Imperial Rome's Regionary Catalogs: Memory, Mystery, and Melancholy
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by John T. Cullen
Description: One of the most valuable historical records left to modern topologists of Rome are the so-called Regionary Catalogs. What we have are barbarized copies of a mysterious ancient document called the Notitiae (also, in slightly different versions, the Curiosum). These documents are loaded with vital statistics and lists of important monuments regarding the Imperial capital in the late empire period. While they are a fountain of information about lost monuments, and streets that people once walked and laughed on, they present a wealth of mysteries of their own. The author conjectures a conspiracy in the 350s to restore Rome to her traditional religion, and to overthrow Nicean Christianity fostered by the Constantinian dynasty. The enemy of Constantine's new Rome is not a stranger, but an insider, in fact a leading member of his own family. What are the secrets buried in this enigmatic document that survives from ages ago?
eBook Publisher: Clocktower Books and Far Sector SFFH (magazine), 2005
Filament eBookStore Release Date: March 2010
2 Reader Ratings:
Available eBook Formats: OEBFF Format (IMP) [114 KB]
Reading time: 35-49 min.
All Other formats: Printing DISABLED, Read-aloud DISABLED
Imagine the following inconceivable scenario.
An important document, listing vital contemporary statistics and monuments of ancient Rome, is sealed into a manila envelope, and dropped by unknown hand into a mail slot in the Roman Forum. It is lunch time on a sunny day around 534 CE. It's rush hour at the law courts and business suites of the basilicas and fora, and the air is filled with babbling voices and the many aromas of fresh baked bread, roasting meat, and politely watered wine. Fade to...
Switching points of view...we see a darkish office in the Departments of Classics, Archeology, and History at a university in one of the capitals of Victorian Europe. It could be Rome, Paris, London, or a similar modern city full of belching smokestacks, chuffing trains, clattering carriages, and heavily dressed pedestrians. In that darkish office, with its white-tiled walls and wrought-iron scrollwork above cubicle dividers, we see the daily messenger arrive from the Postal Office, with his pouch. A young man in a dark uniform with matching pillbox cap, he empties the pouch across a table in a corner, and sorts the items into the mail slots of various professors. One of them is a very ancient envelope, covered with dust and softened into a mosaic of wrinkles by centuries of movement through the tunnels of time. This one he leaves on the table. It is enigmatically stamped, in large red but faded capital letters: SPECIAL. The stamp is unclear, and might say SPACIAL or SPATIAL, but we'll never know.
A bored, preoccupied looking man with furrowed brow, rumpled suit, and heavy gray beard arrives during the lunch hour and tears the envelope open. Tossing the envelope carelessly away, he glances through the contents with a mind to throwing them away. Then his fingers begin to tremble, and his eyes grow wide. His lips part, as if he is about to whisper something awesome and wonderful. He realizes immediately that he is reading a manuscript written ages ago, for person or persons unknown. Now it is addressed to the wide-open future. The message, the Regionary Catalog, arrives many centuries after physical Rome is little more than fragments and dust, but spiritual Rome grips the modern world in a spiderweb of passed-down accomplishments.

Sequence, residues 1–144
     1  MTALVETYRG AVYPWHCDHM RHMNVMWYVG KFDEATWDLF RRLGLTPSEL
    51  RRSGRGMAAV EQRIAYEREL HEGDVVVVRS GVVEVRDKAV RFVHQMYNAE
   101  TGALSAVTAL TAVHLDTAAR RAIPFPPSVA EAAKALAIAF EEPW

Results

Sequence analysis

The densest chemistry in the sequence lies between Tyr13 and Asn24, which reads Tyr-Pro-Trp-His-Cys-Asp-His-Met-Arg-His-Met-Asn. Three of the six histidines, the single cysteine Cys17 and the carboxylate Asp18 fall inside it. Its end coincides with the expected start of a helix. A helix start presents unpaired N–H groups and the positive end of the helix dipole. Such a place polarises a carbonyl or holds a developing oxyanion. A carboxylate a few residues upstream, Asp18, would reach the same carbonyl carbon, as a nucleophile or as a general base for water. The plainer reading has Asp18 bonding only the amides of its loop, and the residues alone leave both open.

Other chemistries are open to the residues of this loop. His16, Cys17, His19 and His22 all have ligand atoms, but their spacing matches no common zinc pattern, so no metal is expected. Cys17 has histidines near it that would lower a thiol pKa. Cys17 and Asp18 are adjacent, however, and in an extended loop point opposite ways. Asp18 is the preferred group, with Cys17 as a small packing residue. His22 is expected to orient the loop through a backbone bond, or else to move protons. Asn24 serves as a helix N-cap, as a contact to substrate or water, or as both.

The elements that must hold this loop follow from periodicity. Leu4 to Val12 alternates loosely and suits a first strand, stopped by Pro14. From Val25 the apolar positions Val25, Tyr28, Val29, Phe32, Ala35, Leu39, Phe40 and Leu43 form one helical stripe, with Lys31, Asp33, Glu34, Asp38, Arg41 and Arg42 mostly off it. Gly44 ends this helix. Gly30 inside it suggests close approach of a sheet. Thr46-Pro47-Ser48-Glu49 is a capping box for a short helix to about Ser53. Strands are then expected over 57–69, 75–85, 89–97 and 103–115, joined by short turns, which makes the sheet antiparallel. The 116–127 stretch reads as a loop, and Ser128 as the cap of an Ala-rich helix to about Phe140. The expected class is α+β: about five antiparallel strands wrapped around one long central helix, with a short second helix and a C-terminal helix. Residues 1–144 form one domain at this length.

The message is a list, in considerable detail, of the monuments and public works of Rome in the age of the Constantinians. It provides modern scholars with one of their major tools for reconstructing the vanished capital of the Roman Empire.
This scenario, however imaginative, is essentially true when we strip away the postal dramatization. We have a meticulously annotated document, dating to the late Empire, whose purpose has confounded scholars for generations--but we can read urgency and state-level importance between its lines.
The Regionary Catalog actually, literally, came down to us in slightly less dramatic form, though no less miraculous in its content. It was copied and re-copied by Late Roman and early, middle, and late Medieval scribes, and then Renaissance and Modern savants, until the modern sciences of archeology and topology were born in the 19th Century. Like the fabulous imagination of Piranesi (cover), the documents provides wonderful insight, while simultaneously raising major questions that have tormented scholars for generations.
Why was the Regionary Catalog (in two copyist trails, one the Notitia, the other the Curiosum) compiled at all? Why, given that Constantine had begun the enormous basilica and complex of Old St. Peter's, not to mention many other churches and religious basilicas, is there not a single Christian monument of any sort listed? Why did barbarian scribes continue making copies long after the last emperor was deposed in the West in 476 CE?
There are some tantalizing hints in the texts themselves, intertwined with events of true history, and these we'll examine in this article to come up with a startling theory about the meaning of the Regionary Catalogs. They are, and will always remain, a freshly composed message from the distant past, conveying mute messages beyond their terse and enigmatic contents.